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BJ: The authority to forgive sins is not found in the Old Testament but in the New. John 20: 22-23: "And when he had said this, he breathed on them, and saith unto them, Receive ye the Holy Ghost: Whose soever sins ye remit, they are remitted unto them; and whose soever sins ye retain, they are retained." People can quibble about just to whom this was addressed and to whom the power was given,but private confession and absolution have been part of the practice of the Universal Church since its earliest days. It, like anything good, was and is subject to abuse, and was a real sticking point to the 'reformers.' They did not reform the practice but abolished it. I think the Anglican/Episcopal Churches have hit just the right note with 'All may, none must, and some should.' I myself make use of private confession and the longer I live the more I realize that I SHOULD. Saying the General Confession at the Eucharist is something I can mindlessly rattle off. Private confession requires that I actually and rigorously examine my conscience. The benefit of this is twofold: It is therapeutic (as it getting it off my chest) and it is also sacramental, the later meaning that the sins that do truly bind me are truly remitted and make me open to the healing power of Jesus Christ and His Holy Spirit.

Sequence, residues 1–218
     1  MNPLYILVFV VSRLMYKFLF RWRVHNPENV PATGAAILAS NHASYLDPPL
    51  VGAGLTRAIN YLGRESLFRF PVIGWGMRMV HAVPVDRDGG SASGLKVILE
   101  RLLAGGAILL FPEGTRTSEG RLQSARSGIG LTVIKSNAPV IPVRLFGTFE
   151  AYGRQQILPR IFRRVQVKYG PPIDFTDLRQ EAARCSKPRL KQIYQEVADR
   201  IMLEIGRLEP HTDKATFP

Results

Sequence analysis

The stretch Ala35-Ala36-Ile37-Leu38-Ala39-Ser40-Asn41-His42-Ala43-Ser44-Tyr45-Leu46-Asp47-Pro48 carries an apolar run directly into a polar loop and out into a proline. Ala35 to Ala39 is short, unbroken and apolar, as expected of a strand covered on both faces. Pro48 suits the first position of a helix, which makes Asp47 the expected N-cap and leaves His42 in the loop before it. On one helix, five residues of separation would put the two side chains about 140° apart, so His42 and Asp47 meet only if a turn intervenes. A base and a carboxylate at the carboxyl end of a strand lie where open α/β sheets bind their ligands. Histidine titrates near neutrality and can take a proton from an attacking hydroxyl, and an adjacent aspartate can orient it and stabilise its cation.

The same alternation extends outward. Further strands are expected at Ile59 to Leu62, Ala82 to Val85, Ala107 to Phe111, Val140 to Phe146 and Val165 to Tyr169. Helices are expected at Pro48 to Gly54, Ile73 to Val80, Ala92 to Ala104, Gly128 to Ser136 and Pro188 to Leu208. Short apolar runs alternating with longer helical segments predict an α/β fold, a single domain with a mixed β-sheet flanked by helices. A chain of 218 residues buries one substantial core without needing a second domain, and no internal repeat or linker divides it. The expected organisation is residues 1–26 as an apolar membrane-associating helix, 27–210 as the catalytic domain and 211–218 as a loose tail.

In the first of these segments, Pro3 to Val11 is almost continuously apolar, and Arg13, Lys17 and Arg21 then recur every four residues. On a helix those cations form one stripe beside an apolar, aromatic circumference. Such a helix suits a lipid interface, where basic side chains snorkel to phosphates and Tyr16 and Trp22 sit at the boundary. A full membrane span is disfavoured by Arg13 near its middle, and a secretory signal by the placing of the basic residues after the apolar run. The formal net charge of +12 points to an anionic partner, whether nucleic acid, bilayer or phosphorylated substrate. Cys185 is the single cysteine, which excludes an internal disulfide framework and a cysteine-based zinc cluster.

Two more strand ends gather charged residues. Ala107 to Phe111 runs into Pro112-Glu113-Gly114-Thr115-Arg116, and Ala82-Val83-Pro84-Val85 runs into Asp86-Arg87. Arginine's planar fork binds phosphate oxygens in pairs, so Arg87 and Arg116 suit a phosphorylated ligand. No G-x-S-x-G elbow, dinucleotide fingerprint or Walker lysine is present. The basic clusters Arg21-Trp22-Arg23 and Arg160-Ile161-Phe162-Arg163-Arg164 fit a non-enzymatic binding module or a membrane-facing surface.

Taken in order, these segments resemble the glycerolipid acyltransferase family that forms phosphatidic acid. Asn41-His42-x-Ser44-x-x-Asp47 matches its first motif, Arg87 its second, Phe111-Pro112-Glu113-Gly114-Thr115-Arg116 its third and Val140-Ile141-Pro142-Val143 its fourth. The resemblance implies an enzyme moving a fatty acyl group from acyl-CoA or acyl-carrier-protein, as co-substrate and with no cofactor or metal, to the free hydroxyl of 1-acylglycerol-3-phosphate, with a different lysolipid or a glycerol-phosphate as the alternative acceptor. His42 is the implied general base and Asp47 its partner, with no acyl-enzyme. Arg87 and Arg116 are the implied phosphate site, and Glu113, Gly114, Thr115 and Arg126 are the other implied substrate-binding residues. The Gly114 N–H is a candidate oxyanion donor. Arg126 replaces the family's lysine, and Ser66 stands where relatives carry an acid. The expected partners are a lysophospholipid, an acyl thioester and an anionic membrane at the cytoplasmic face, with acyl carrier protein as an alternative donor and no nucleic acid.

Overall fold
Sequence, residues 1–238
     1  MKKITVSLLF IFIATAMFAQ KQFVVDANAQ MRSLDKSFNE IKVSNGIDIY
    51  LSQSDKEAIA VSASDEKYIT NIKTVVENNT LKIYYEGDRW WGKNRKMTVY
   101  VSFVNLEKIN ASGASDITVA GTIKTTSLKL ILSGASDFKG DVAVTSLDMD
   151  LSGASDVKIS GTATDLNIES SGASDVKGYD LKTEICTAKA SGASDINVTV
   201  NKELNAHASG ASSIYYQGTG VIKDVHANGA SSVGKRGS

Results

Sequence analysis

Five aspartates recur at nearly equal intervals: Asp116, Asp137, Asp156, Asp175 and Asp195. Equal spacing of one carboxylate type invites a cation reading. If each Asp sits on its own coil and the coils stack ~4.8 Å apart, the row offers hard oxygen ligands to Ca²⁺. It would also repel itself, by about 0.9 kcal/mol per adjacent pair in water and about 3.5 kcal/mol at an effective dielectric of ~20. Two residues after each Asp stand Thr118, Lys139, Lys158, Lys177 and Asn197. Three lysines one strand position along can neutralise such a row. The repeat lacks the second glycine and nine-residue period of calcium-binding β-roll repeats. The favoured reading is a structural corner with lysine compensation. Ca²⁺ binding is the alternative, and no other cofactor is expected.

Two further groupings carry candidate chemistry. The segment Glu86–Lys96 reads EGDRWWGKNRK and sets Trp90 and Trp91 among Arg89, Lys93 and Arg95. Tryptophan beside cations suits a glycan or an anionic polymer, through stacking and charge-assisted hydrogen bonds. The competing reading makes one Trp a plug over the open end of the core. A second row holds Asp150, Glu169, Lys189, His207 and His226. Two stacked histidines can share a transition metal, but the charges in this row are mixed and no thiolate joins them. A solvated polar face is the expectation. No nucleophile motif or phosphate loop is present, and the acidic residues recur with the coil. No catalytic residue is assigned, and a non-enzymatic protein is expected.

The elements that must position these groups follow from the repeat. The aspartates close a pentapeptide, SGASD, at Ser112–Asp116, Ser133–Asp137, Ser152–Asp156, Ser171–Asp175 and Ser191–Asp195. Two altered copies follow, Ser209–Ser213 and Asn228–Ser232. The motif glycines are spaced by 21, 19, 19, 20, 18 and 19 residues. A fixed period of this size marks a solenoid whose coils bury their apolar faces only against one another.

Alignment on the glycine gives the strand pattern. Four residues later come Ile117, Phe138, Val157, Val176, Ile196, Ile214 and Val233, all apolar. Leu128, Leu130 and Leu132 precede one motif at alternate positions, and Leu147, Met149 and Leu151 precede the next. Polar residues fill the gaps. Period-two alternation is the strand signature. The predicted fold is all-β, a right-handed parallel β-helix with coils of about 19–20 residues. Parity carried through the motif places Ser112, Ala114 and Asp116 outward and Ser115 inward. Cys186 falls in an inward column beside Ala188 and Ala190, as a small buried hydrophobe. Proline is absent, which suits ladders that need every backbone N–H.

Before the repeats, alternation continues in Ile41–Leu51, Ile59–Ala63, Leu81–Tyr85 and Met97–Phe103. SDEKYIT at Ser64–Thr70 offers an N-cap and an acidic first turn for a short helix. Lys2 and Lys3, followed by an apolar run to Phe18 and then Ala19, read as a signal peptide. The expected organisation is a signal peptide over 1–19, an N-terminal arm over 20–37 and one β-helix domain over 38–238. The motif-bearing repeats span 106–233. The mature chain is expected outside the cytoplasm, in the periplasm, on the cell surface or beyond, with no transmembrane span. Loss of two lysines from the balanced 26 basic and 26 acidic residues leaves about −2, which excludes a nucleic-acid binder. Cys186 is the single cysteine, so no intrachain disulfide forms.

Toggle Commented Dec 22, 2011 on To Confess or Not To Confess.... at
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Dec 22, 2011